What It Takes To Make TIME Magazine's Influential 100 List
The list which is chosen by a panel of magazine experts is now in it's 20th year, so 10 daily has done some analysis on the best way to make the coveted roll.
It was first published in 1999 as the result of a debate among American academics, politicians and journalists, and now the list is a highly-publicised annual event.
A person's influence doesn't necessarily have to be positive. TIME makes it clear that entrants are recognised for changing the world, irrespective of the consequences of their actions.
The magazines 2007 managing editor Richard Stengel explained that the TIME 100 was not necessarily about the hottest, most popular, or most powerful.
"Influence is hard to measure, and what we look for is people whose ideas, whose example, whose talent, whose discoveries transform the world we live in," he wrote at the time.
What The Winners This Year Tell Us
The winners are divvied up across to five categories, Titans, Artists, Icons, Leaders and Pioneers.
This year's winners had a 50/50 gender split and featured 16-time NBA legend Lebron James, king of the golf course Tiger Woods, Facebook don Mark Zuckerberg and European Commissioner for Justice, Consumers and Gender Equality, Vera Jourova.
You've got to be kicking some serious career goals (or shooting hoops and mastering the hole-in-one) to get a nod in this category.
There were 20 out of 100 celebrated here.
Perhaps unsurprisingly, this list was dominated by US leaders including President Donald Trump and high-profile Democrats Nancy Pelosi and Alexandria Ocasio-Cortez.
New Zealand Prime Minister Jacinda Ardern featured on the 100 list for a second consecutive year.
Others leaders are from Sweden, Ethiopia, Israel, Venezuela and Pakistan.
You don't necessarily have to be using your influence for 'good' to be shortlisted here, and it acknowledges leaders at different points of the political spectrum.
While it was largely political leaders, conservationist Dr. Jane Goodall, teen climate change activist Greta Thunberg, and the man at the helm of the burgeoning China National Space Administration (CNSA) physicist Zhang Kejian was also celebrated.
Not even the sky is the limit here.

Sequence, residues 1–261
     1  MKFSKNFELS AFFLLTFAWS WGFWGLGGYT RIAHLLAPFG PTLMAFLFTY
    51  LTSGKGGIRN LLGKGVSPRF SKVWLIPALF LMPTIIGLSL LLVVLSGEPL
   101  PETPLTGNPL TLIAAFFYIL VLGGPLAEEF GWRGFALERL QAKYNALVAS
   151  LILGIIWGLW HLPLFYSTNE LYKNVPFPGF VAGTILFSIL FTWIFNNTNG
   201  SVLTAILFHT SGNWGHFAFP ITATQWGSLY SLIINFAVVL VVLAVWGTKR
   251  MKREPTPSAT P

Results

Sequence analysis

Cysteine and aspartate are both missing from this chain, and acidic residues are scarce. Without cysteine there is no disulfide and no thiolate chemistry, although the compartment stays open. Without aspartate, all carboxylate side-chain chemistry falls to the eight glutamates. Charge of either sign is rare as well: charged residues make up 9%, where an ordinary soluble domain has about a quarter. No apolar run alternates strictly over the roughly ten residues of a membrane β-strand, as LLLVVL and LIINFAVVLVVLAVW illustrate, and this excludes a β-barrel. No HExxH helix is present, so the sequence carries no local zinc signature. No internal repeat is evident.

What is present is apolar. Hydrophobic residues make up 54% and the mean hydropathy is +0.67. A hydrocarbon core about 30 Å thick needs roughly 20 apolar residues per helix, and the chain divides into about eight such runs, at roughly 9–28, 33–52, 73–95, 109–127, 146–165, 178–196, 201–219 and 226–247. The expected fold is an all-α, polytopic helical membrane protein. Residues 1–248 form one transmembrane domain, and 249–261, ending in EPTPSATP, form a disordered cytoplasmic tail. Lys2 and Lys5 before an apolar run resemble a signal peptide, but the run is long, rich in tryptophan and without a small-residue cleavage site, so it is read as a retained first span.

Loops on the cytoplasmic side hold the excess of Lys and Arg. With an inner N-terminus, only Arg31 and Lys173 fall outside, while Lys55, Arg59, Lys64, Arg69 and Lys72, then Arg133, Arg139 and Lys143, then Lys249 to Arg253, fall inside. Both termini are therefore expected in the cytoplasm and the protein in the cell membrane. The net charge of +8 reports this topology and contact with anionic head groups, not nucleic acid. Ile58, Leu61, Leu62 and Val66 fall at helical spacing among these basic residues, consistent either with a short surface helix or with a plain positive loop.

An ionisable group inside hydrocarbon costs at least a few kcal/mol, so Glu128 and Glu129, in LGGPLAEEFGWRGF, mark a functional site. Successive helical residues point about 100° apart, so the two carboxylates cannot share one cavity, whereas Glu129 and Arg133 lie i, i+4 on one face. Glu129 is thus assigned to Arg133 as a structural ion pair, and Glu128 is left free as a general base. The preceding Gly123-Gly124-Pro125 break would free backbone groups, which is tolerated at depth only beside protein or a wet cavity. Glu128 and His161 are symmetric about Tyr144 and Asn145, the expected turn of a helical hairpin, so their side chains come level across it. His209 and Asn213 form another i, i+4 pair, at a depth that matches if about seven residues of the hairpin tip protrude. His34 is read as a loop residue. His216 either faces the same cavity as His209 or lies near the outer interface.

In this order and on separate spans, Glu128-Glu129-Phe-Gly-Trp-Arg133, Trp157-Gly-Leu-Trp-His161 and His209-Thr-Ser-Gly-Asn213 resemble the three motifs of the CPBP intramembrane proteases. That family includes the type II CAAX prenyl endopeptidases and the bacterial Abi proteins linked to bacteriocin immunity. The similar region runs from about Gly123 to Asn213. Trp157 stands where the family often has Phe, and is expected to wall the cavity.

There were 26 out of 100 noted here.
This category was dominated by women but also featured non-binary Olympic track-and-field champion Caster Semenya.
Entertainment stalwarts Taylor Swift and Lady Gaga made the cut alongside acclaimed Filipino journalist Maria Ressa, former first lady Michelle Obama and pop artist David Hockney.
There was also notable presence of human, civil and gender rights activists who have helped reshape societies. Individuals like Desmond Meade and Loujain al-Hathloul may not be as high-profile as Gaga or Swift, but they have had significant impact in driving social change.
This list of people -- considered as representing a set of beliefs or a way of life -- is pretty eclectic.
From a Yemeni human-rights activist, the women fighting to end Ireland's abortion ban, right through to the man pushing for better civil rights for former prisoners -- championing social change is your best bet to make this list.
There were 16 out of 100 celebrated here.
Musicians and actors dominated this category. They included culturally diverse actors Oscar-winning actor Mahershala Ali and Rami Malek, who was instrumental in the wild success of Bohemian Rhapsody.
Ariana Grande and Korean pop sensation BTS were also acknowledged as was 98-year-old painter Luchita Hurtado.
Despite BTS place on the list, this category is still overwhelming dominated by Hollywood A-Listers.
This was a female-led category.
This includes Killing Eve star Sandra Oh, as well as Tara Westover, who grew up in a Mormon survivalist home—and eventually escaped to earn a doctorate from Cambridge University.
Cookbook author and social media star Chrissy Teigen was also recognised.
Comedian Hasan Minhaj and Juul Lab founders Adam Bowen and James Monsees -- who are working to eliminate cigarettes -- were among other pioneers celebrated.
It's difficult to pinpoint obvious patterns in the pioneer list. It ranges from social media stardom, tackling a much heath issue right through to political comedians.
There were 24 out of 100 noted here.
If the star-studded list isn't impressive enough, the magazine enlisted the help of other celebs to pen why recipients are worthy.
Beyoncé wrote a short essay on Michelle Obama, actor-philanthropist Leonardo DiCaprio saluted conservationist Jane Goodall, and Justin Timberlake honoured golfer Tiger Woods.
Ardern's blurb is written by London Mayor Sadiq Kahn, who writes how Londoners were "heartbroken to wake up to news of the horrific terror attack in Christchurch, shocked by the callous targeting of innocent civilians for no reason other than their faith".
Kahn said that Ardern's leadership "has been an inspiration to us all".
What About Us?
A 10 daily examination of winners over the past six years has found no Australian politicians have made the cut. However actress Nicole Kidman was on the 2018 list.
Who Is The Most Influential Of Them All?
If world influence is measured by appearance on TIME's annual list, then the following people have arguably had the biggest impact.
They following politicians, technology pioneers, one religious leader and one television icon have made the list five times or more.
- Barack Obama
- Oprah Winfrey
- Hillary Clinton
- Jeff Bezos
- Steve Jobs
- Pope Francis
- Vladimir Putin
- Angela Merkel
- Kim Jong-un
Taylor Swift has featured on the list three times.
The magazine also boasts six covers featuring Swift, Oh, Dwayne Johnson, TV journalist Gayle King, US House Speaker Nancy Pelosi, and Egyptian soccer star Mohamed Salah.
Contact the author firstname.lastname@example.org